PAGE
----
Estimating causal `policyFX` with `clusteredinterference`

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First, load the clusteredinterference package


Now load a quick data example that's included in the package



Estimation is implemented with the policyFX() function:

suppressWarnings(RNGversion("3.5.0")) ## For backwards compatibility 
causal_fx <- policyFX(
  data = toy_data,
  formula = Outcome | Treatment ~ Age + Distance + (1 | Cluster_ID) | Cluster_ID,
  alphas = c(.3, .5), 
  k_samps = 1

The policyFX() function outputs a "policyFX" object, which works well with a few methods, including:


Necessary arguments


A data.frame. At present, tibbles are coerced back to standard data.frames. I also recommend against using factors in the columns.


A numeric vector of probabilities corresponding the the policies of interest. Each must be between 0 and 1.


The user must specify the number of sum-sampled vectors for estimating the counterfactual probabilities (nuisance parameters). It is recommended to choose k_samps <=5. To avoid the sub-sampling approximation and use all possible vectors, set k_samps=0.


The formula may be the trickiest, and it has plenty of information. It provides:

outcome | treatment ~ predictors and random intercept | clustering specification

Note that the middle section is passed to glmer() to fit the mixed effects model, so this is how to specify the modeling formula.

Treatment ~ Age + Distance + (1 | Cluster_ID)

See below for the model output.

Formal arguments with defaults

verbose = FALSE

root_options = NULL

This is for rootSolve::multiroot() used in the point estimation procedure. E.g., this will be passed in:

root_options = list(atol = 1e-7) 


This is for lme4::glmer(). The default in glmer() is nAGQ=1, which indicates a Laplace approximation to the log-likelihood. Instead, in this package the default is nAGQ=2, which indicates that n=2 Adaptive Gaussian Quadrature points will be used. This is slightly slower but is a more accurate calculation. In limited testing, it seems that nAGQ=2 was almost as accurate as higher values, so 2 was chosen as the default. See their documentation for more details.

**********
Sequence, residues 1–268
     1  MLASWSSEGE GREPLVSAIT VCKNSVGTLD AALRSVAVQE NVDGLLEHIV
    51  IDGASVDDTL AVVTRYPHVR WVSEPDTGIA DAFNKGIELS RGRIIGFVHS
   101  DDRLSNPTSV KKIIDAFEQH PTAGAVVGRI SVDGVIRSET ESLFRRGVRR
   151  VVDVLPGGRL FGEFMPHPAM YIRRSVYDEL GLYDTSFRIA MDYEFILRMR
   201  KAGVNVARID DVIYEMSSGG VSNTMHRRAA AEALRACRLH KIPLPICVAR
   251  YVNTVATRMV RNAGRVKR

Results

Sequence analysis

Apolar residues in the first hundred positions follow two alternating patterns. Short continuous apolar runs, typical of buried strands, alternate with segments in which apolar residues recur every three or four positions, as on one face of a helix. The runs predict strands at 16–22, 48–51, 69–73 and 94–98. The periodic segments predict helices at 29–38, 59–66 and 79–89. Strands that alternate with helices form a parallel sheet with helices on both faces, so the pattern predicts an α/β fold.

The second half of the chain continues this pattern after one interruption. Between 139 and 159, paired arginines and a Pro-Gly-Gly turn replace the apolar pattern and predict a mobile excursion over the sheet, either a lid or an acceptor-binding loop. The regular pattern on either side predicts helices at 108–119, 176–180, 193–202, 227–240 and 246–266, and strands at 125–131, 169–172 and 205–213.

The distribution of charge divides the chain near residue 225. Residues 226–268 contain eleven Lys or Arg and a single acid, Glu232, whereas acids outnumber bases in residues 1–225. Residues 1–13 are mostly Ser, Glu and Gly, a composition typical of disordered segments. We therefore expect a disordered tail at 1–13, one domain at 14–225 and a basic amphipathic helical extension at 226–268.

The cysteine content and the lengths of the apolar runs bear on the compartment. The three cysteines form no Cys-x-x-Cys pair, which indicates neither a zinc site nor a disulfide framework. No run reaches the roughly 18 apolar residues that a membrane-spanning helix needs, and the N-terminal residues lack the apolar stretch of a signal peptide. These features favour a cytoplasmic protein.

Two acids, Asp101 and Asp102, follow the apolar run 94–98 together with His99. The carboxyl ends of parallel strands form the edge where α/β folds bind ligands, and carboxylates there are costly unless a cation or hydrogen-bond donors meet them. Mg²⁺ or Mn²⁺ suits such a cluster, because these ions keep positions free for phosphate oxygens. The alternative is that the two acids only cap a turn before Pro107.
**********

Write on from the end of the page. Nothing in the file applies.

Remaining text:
return_matrices = FALSE

If TRUE, this will return the "bread" and "meat" matrices in the variance calculations. The default is FALSE as these matrices can be quite large.

Dots tricks

In the event you're only interested in a subset of contrasts, you can pass a customized grid into the function.

my_grid <- makeTargetGrid(alphas = (3:8)/20, small_grid = TRUE) 

This can be particularly useful for plotting, as you can "turn off" the variance estimates

my_grid$estVar <- FALSE

This is available through the dots argument. Note that when supplying a custom target_grid, it's not necessary to specify the alphas argument, as that is taken directly from target_grid.

causal_fx2 <- policyFX(
  data = toy_data,
  formula = Outcome | Treatment ~ Age + Distance + (1 | Cluster_ID) | Cluster_ID,
  # alphas = c(.3, .5), 
  target_grid = my_grid,
  k_samps = 5,
  verbose = FALSE,
  root_options = list(atol=1e-4)

print(causal_fx, nrows = 9)


The tidy dataframe estimates can be easily used for plotting:

plotdat <- causal_fx2$estimates[causal_fx2$estimates$estimand_type=="mu",]
plot(x = plotdat$alpha1, y = plotdat$estimate, main = "Estimated Population Means")

Treatment model

As mentioned above, the treatment model is specified via the formula argument. For example, compare:

# Returns the specified formula, coerced to a Formula object
# causal_fx$model is a glmerMod S4 object
lme4::getME(causal_fx$model, c("beta", "theta"))

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clusteredinterference documentation built on May 1, 2019, 9:26 p.m.